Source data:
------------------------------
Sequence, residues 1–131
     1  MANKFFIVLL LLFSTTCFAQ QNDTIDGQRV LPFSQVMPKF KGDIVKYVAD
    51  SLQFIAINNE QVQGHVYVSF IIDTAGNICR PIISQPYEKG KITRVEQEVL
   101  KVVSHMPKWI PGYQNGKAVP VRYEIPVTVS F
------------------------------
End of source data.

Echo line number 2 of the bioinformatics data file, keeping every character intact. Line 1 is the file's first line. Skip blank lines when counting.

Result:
     1  MANKFFIVLL LLFSTTCFAQ QNDTIDGQRV LPFSQVMPKF KGDIVKYVAD